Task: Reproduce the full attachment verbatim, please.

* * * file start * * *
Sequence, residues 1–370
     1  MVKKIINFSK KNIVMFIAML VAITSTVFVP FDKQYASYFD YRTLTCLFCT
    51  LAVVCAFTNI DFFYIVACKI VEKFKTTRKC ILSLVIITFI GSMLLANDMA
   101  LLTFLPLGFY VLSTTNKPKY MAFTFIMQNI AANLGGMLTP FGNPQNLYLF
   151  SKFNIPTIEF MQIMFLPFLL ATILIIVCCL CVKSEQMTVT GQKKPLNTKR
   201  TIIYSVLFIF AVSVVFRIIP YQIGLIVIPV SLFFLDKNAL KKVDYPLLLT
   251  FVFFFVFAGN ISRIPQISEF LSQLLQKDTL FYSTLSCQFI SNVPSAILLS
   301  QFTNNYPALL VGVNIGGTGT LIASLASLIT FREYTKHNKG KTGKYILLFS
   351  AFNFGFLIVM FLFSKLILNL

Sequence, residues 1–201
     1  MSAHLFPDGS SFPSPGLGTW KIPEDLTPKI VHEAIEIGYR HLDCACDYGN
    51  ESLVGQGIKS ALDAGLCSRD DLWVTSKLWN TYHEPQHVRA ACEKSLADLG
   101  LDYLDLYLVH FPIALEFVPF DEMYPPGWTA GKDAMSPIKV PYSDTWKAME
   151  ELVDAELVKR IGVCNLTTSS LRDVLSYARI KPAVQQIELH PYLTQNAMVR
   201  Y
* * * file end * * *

Sequence, residues 1–370
     1  MVKKIINFSK KNIVMFIAML VAITSTVFVP FDKQYASYFD YRTLTCLFCT
    51  LAVVCAFTNI DFFYIVACKI VEKFKTTRKC ILSLVIITFI GSMLLANDMA
   101  LLTFLPLGFY VLSTTNKPKY MAFTFIMQNI AANLGGMLTP FGNPQNLYLF
   151  SKFNIPTIEF MQIMFLPFLL ATILIIVCCL CVKSEQMTVT GQKKPLNTKR
   201  TIIYSVLFIF AVSVVFRIIP YQIGLIVIPV SLFFLDKNAL KKVDYPLLLT
   251  FVFFFVFAGN ISRIPQISEF LSQLLQKDTL FYSTLSCQFI SNVPSAILLS
   301  QFTNNYPALL VGVNIGGTGT LIASLASLIT FREYTKHNKG KTGKYILLFS
   351  AFNFGFLIVM FLFSKLILNL

Sequence, residues 1–201
     1  MSAHLFPDGS SFPSPGLGTW KIPEDLTPKI VHEAIEIGYR HLDCACDYGN
    51  ESLVGQGIKS ALDAGLCSRD DLWVTSKLWN TYHEPQHVRA ACEKSLADLG
   101  LDYLDLYLVH FPIALEFVPF DEMYPPGWTA GKDAMSPIKV PYSDTWKAME
   151  ELVDAELVKR IGVCNLTTSS LRDVLSYARI KPAVQQIELH PYLTQNAMVR
   201  Y